How to prepare for your road race

As a lead up to the Singapore marathon on 3 Dec, I did a presentation for my athletes and those who missed my presentation yesterday, here is an article covering my presentation. This is a good article for those new to racing and a useful checklist for the experienced runners. Please share forward this or share with your friends on Facebook.

I get many questions from my athletes during training and compiled these frequently asked questions by grouping them into logical sections : 

‘A’ Race and ‘B’ races and your bank account

I often am asked ‘How many races should I do in a year?’ It really depends on how hard you run them and what your goal is. Some enthusiastic runners want to collect as many medals as possible, with more than 150 races a year in Singapore, literally they could be racing every weekend.

However if you plan to go all-out and achieve a marathon personal best, Depending on your age, you will need up to three weeks to recover from a full marathon. Coupled with a 16-week plus training program, that leaves you just enough time to do two to three ‘A’ race marathons a year

Racing is like withdrawing from your ‘bank account’ – too many withdraws and you run out of cash. Training is ‘depositing’ into your account; go ahead and race, but remember to deposit enough before your next withdrawal.

Your training is a rehearsal for Race Day

‘Am I prepared? How fast should I run on race day? ’ is another crowd favourite.

Consistent, structured training is key to success. Treat each training session over the last few months is a mini-rehearsal for race day. Try out new stuff ONLY during training – from new shoes and socks, to gels and gear, and know what works for you.  Then use what’s tried and tested on race day.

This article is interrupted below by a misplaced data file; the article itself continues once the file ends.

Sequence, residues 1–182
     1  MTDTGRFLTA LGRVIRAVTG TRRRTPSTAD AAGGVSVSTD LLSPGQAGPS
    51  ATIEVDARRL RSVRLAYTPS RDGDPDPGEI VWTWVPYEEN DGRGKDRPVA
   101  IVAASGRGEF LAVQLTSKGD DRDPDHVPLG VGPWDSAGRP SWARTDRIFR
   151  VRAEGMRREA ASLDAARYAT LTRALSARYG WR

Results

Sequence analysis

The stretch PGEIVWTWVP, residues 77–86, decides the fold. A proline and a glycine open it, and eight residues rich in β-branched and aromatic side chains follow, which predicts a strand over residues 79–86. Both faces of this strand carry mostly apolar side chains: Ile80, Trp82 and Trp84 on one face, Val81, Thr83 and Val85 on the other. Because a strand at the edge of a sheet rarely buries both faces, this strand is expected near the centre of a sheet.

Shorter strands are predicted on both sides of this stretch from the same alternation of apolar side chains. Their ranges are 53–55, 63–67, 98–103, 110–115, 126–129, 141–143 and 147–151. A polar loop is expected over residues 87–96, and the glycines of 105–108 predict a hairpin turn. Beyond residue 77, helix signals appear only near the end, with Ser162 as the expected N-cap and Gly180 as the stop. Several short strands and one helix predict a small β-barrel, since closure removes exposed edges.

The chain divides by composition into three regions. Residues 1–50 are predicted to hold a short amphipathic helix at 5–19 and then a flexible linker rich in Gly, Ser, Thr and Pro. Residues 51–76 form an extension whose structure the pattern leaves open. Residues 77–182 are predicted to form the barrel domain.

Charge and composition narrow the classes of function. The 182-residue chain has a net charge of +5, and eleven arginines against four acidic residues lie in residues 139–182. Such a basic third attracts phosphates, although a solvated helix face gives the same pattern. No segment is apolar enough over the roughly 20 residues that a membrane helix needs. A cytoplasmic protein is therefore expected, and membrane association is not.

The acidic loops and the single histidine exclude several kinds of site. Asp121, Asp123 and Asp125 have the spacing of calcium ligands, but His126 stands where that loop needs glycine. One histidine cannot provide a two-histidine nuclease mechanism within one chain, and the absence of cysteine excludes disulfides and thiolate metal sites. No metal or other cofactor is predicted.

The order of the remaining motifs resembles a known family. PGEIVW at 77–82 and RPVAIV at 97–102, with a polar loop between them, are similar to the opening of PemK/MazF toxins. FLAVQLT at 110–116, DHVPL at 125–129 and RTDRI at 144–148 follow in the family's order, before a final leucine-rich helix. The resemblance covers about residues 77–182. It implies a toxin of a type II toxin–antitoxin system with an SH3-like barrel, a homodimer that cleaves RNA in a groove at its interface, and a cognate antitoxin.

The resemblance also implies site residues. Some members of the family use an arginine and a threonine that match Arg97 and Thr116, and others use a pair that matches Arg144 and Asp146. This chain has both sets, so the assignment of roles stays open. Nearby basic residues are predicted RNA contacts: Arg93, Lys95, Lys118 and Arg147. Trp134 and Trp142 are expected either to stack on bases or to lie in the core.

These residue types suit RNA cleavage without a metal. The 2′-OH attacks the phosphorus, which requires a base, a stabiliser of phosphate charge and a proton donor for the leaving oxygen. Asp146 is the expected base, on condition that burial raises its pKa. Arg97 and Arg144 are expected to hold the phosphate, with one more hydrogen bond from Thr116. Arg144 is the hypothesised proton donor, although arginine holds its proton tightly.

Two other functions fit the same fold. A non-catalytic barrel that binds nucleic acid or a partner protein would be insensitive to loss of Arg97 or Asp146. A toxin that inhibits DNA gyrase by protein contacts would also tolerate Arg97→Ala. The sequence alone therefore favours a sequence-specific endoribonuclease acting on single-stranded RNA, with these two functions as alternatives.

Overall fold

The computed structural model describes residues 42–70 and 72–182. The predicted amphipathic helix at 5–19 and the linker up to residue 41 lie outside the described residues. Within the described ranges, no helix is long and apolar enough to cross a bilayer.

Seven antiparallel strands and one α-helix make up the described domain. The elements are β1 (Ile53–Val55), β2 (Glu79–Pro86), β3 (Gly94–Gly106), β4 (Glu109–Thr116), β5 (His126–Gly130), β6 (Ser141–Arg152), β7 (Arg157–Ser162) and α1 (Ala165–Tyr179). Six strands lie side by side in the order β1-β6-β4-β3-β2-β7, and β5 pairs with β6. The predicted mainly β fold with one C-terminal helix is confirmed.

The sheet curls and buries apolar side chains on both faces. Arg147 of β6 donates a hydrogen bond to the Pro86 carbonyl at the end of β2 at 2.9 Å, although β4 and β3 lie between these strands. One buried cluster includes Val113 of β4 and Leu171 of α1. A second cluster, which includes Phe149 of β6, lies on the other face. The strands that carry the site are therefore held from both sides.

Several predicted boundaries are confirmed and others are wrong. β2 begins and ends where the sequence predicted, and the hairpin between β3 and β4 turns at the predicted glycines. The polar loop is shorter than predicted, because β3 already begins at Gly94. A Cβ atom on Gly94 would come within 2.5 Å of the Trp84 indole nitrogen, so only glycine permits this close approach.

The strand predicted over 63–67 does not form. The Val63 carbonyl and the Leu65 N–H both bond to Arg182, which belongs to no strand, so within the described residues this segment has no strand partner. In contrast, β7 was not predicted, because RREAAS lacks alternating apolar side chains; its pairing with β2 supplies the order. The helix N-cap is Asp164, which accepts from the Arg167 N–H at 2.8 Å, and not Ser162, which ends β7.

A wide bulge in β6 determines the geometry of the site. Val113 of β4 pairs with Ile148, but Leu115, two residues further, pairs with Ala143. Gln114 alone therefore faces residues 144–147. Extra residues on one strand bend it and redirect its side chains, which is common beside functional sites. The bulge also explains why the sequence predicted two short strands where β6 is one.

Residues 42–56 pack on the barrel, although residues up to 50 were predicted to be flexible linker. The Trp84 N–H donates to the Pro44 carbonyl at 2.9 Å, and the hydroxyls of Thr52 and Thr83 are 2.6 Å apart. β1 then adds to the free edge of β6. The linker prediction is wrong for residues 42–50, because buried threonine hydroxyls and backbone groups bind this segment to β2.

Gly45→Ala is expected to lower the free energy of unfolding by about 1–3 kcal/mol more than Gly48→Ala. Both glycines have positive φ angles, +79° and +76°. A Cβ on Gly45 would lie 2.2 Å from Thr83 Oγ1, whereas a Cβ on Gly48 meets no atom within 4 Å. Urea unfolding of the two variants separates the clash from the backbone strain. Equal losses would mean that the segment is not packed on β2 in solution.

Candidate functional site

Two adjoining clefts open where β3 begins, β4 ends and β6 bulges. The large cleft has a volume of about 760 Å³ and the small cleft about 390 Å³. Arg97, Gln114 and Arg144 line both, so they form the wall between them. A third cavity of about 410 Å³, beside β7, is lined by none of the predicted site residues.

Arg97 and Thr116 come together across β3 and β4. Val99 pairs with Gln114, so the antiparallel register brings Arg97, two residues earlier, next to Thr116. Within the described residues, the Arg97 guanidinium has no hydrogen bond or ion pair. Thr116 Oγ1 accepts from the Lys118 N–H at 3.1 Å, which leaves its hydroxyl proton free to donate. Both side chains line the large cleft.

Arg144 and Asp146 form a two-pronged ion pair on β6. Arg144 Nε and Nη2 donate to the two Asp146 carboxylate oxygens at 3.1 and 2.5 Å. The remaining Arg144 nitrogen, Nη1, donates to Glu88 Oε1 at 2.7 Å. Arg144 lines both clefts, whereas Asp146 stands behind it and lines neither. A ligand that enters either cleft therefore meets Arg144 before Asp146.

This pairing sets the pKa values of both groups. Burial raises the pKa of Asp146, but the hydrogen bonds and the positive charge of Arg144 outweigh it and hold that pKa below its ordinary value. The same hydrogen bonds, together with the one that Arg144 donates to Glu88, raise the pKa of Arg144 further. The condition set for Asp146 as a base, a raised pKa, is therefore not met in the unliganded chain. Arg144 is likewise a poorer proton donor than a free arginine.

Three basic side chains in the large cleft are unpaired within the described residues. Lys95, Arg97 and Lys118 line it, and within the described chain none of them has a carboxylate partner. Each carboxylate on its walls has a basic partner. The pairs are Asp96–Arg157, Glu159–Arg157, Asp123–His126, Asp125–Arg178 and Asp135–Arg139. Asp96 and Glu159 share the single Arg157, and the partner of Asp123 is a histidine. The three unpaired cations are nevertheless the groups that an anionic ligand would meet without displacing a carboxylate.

Another key to rehearsal is your training program itself. At SSTAR.fitness each athlete has an ‘A’ and ‘B’ training goal for every workout which are carefully calculated based on each runners ability – aerobic capacity, lactate threshold and V02Max. That’s more than 50 training sessions! So on race day, its no surprise – the pace, time goals have all been determined by you over the 16-weeks of training. Race day is merely the ‘performance’ after months of ‘rehearsals’


Race pace, how fast should I run?


The most efficient way to complete a race is to run at even pace, keeping each kilometer roughly at the same speed. Of course one will slow down for uphills and speed up slightly downhill. There will be potential bottlenecks at hydration stations and turns. Some experienced runners try to mimic the elites and do a negative split - running the 2nd half faster. While many elites do this because they are trying to win a position - they are racing - the majority of us will be trying for a time target, so even splits is a better approach. That said, most runners end up doing a positive split - running the 2nd half of the race slower. That's not ideal and it's probably because the runner did not have a good idea of what their ability was. Another reason for this is when one tries to follow a constant heart rate goal. All runners experience cardiac drift - our heart rates go up when we exercise, even at constant effort, so maintaining a level heart rate means running the race progressively slower. Basically, if you are racing to beat a time goal, then use a time / distance / pace training program.


Novice runners might do better with a run-walk strategy - I recommend walking through the drink stations, get your hydration and resume your run. Better to be hydrated then rush your drink stops. Some experienced runners still practice this with great success.


The Final three days – hydration, nutrition and rest

‘I get nervous, and can’t sleep the night before the race. How will this affect me?’

It’s been proven scientifically that if you had enough rest three days before the race, lack of sleep the night before race day will not adversely affect your physical ability. So get three nights of quality sleep if you can. Having done so, and knowing this fact could just be the assurance you need to have a restful pre-race night ! Some races start very early, or you could be travelling to a different time zone, so it’s best start adjusting your body clock three days before race day.

‘Should I carbo-load? How is it done?’